Subtle Physical and Emotional Changes
An effective way to promote body awareness is to guide students to the direct link between their emotions and the state of their physical bodies. During meditation, a student may discover that she feels very angry with a coworker. She is puzzled when asked to discover where that anger and tension is reflected within her body. Eventually, she realizes that she holds tightness in her chest, which is causing shallow breathing. Additionally, another student discovers that her emotions are reflected in tight hips. She imagines herself sitting in her office chair while a coworker annoys her at work. Significantly, the student works to deepen her breathing or to stretch the hips. Eventually, the emotions that she holds in her body are also relieved.
Finding Inner Peace
The physical rewards of yoga reflect what students feel within their minds. As a result, there is gratification, whether students come to the mat for exercise, or to find inner calm. No matter what yoga means to each student, practice leads students toward a quality life. Sometimes, our students find peace and growth through their practice. In many yoga classes, students focus on finding peace in the present moment. Finding inner peace is a goal that most people work towards daily and often struggle with. With the help of a teacher, practicing yoga can help people to find this state. Of course, a number of techniques are practiced during sessions, which include mantra, meditation, pranayama, and more. Notably, the increasing benefits lead people to look for ways to keep yoga practice in their lives.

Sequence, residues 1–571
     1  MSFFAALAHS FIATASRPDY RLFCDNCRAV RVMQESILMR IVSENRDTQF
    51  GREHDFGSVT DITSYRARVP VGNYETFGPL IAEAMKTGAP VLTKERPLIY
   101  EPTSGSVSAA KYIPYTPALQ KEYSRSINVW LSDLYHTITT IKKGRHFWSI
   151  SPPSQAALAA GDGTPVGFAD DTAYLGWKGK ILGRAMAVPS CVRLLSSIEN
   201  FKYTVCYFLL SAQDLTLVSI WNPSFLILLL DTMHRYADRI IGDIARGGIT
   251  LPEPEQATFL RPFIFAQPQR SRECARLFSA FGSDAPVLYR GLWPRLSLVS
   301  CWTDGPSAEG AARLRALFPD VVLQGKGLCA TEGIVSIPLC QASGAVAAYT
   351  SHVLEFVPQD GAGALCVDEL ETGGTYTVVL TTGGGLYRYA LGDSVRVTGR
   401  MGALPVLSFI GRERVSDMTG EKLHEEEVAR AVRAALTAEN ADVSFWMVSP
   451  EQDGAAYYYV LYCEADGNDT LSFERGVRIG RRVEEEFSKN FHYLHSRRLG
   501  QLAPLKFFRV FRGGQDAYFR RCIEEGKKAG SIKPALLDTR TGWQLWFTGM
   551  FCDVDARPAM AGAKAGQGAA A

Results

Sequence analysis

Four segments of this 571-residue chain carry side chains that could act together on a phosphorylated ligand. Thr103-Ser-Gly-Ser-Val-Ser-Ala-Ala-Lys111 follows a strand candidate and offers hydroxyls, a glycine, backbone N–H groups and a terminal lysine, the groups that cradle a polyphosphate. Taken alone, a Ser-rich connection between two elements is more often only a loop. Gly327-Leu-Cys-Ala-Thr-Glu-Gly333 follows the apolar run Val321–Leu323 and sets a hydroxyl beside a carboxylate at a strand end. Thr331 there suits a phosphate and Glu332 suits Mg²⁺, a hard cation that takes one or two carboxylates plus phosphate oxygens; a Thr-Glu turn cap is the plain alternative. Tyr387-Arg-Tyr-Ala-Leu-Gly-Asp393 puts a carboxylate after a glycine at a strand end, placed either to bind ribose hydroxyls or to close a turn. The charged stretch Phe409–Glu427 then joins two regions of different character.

© Copyright – Aura Wellness Center – Publications Division